Lido Ponty, a Grade II listed lido, has been restored to its former glory and updated for the 21st Century visitor.
It has three heated swimming pools, offering great opportunities for families, dedicated swimmers and social swimmers of all ages and abilities.
Lido Ponty features include external and internal showers, heated changing facilities and a state-of-the-art Visitors’ Centre which tells the amazing story of The National Lido of Wales.
Restored features include the 1920s turnstiles and wooden cubicles, which complement the newly-built Waterside Café.
Lido Play, the adventure play area, captures the imagination of our younger visitors as they explore the swings, slides and tunnels in this locally-themed park celebrating our proud industrial past.
Lido Ponty is a result of Rhondda Cynon Taf Council’s amazing £6.3m restoration project, made possible with financial support from the European Regional Development Fund through the Welsh Government, Heritage Lottery Fund and Cadw.
No trip to Lido Ponty will be complete without stepping into our Visitor Centre, with its heritage boards, interactive games and puzzles, large video screens, and much more.
Thomastown Park is home to approximately 17 acres of parkland and is situated east of Merthyr Tydfil Town Centre.
This park is know locally as a beauty spot and is home to a bandstand, bowling green, three hard stand tennis courts, children's play facilities and also a paddling pool which is open during the summer months.
The beautifully arranged park offers tranquil walks taking in the scenery of the area along with views of the surrounding countryside
Treharris Park opened its gates as a recreational pleasure ground in 1912. The park is home to children's playground and paddling pool, bandstand, bowling green, pavilion, football pitch and much more. The park houses magnificent specimens of conifer and maple trees, which, partnered by the mass of bedding plants & shrubs highlight the parks natural beauty throughout the summer months.
Merthyr Tydfil County Borough Council is custodian to 619 hectares of publicly owned open space.
We believe it is important to look after, protect, and develop our parks and public open spaces ranging from Cyfarthfa Park to our small playgrounds and "doorstep" spaces within our residential areas.
Our parks, sports fields, play areas and school grounds all add to the network of green spaces which contributes to the character of the County Borough. They foster local pride and make a key contribution to the image of the County Borough.
Parks and open spaces are for the benefit of everyone, and the use and enjoyment of our public spaces will ensure their future success.
Times have changed and peoples expectations are far higher than ever before. The demand is for the whole family, for the very young teenagers,adults and senior citizens.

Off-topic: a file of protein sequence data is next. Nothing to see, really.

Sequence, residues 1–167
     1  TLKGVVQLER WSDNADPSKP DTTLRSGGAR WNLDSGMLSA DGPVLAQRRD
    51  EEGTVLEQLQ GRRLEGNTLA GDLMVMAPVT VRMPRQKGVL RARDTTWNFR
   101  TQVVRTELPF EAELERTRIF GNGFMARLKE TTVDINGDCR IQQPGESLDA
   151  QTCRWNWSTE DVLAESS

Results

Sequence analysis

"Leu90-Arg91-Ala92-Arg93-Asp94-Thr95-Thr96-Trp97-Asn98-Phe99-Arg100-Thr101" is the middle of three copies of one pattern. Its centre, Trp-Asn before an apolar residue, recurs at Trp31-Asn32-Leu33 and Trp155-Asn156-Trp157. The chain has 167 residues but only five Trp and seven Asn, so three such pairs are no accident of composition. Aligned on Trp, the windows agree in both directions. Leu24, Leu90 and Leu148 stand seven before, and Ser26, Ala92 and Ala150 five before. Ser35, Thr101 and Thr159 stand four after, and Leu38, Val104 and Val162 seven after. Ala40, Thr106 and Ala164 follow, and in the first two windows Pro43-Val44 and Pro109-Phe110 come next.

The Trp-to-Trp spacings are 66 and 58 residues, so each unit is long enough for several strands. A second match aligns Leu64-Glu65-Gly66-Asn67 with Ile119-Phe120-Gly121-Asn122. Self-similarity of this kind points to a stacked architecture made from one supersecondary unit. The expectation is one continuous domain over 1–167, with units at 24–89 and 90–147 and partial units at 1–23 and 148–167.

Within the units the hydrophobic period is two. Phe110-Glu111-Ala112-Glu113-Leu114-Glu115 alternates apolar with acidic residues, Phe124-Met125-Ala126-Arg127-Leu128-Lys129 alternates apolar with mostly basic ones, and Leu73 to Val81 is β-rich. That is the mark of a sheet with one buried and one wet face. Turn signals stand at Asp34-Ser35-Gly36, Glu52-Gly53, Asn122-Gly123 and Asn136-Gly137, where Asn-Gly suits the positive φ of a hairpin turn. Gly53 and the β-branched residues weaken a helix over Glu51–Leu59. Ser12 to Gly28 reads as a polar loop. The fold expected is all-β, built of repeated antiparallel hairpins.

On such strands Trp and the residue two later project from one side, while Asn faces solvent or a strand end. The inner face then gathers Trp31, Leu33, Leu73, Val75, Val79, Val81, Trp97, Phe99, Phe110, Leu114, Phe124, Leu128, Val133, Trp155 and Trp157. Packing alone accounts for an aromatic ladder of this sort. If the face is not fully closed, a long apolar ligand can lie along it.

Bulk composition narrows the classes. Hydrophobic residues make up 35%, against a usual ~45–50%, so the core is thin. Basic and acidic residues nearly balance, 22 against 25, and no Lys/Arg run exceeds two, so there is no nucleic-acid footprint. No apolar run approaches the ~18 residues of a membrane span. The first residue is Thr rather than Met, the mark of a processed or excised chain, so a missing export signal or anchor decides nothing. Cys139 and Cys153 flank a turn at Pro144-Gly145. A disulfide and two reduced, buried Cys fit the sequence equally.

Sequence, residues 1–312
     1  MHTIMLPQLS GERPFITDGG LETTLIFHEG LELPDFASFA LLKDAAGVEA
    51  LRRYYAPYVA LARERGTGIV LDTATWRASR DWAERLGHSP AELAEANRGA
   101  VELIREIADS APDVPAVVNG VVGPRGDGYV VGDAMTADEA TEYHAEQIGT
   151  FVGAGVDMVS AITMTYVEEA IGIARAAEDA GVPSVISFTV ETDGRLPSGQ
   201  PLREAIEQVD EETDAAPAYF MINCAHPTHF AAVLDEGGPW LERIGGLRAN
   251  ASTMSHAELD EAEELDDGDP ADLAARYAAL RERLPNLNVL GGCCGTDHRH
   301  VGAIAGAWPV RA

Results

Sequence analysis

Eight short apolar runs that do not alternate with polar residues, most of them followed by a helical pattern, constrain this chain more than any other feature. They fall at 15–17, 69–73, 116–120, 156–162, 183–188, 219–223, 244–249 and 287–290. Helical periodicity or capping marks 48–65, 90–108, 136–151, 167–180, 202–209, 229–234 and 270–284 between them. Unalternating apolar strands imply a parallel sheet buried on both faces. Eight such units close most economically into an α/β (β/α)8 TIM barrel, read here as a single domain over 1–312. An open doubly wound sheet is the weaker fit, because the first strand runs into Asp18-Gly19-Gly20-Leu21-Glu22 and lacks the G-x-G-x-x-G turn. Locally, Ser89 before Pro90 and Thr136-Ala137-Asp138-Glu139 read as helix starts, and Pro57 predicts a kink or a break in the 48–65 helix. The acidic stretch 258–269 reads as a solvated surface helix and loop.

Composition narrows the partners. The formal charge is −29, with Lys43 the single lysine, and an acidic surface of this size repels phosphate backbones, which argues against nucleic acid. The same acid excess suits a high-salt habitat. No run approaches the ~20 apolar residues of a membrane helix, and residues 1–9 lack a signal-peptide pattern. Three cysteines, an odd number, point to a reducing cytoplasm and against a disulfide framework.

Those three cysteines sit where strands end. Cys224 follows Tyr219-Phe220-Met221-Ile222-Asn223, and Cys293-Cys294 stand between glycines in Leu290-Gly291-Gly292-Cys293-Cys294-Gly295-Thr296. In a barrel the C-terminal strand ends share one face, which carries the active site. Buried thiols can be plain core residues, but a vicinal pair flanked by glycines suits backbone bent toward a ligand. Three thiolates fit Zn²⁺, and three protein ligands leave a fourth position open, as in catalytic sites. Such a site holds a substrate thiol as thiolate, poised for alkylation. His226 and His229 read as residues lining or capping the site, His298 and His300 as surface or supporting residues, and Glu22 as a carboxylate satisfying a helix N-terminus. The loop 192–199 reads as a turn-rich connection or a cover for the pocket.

We provide various amenities throughout the County Borough Including 5 Recreational Parks, 32 Sports playing fields, 5 Bowling greens and 57 Playgrounds throughout the County Borough.
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The Park, which is adjacent to Penydarren High Street, was the home of the famous Dowlais White Tip, which was one of the oldest tips in town dating back to the earliest days of iron making in the late 18th Century.
The interpretation panels provide information on the history of the Park up until the present day, where it is now an appealing park area with four newly created Public Rights of Way, which provide enjoyable and easy to use urban footpaths, and gives you the opportunity to take in some breathtaking views of Merthyr Tydfil.
The Park area is also home to woodland blocks, grassland, two ponds and two area of developing heath. There is a small car park adjacent to the site and two bus stops to improve accessibility for those who don't live close to the park.
Parc Cwm Darran
A tranquil country park tucked away in the Darran Valley, two miles north of Bargoed. Take an easy stroll along lakeside paths or wander through shady woodlands. Discover sunny wildflower meadows when you follow our short trail through the Cwmllwydrew Meadows Local Nature Reserve.
A network of cycle paths and scenic trails take you deeper into the historic landscapes of the northern Rhymney Valley. After all that exercise you can take a break in the Lakeside Coffee Shop with a cup of tea and delicious homemade cake and use the Touch Screen interactive games.
We also have an audio trail that looks at the history of Parc Cwm Darran, exploring the transition of the site from coal to countryside.
Visit the odd shaped Powder Store. Part of the former Ogilvie Colliery on which the park is built, it has been restored and is one of the last remaining in Wales, or walk over the unique wooden footbridge at the former Ogilvie Halt.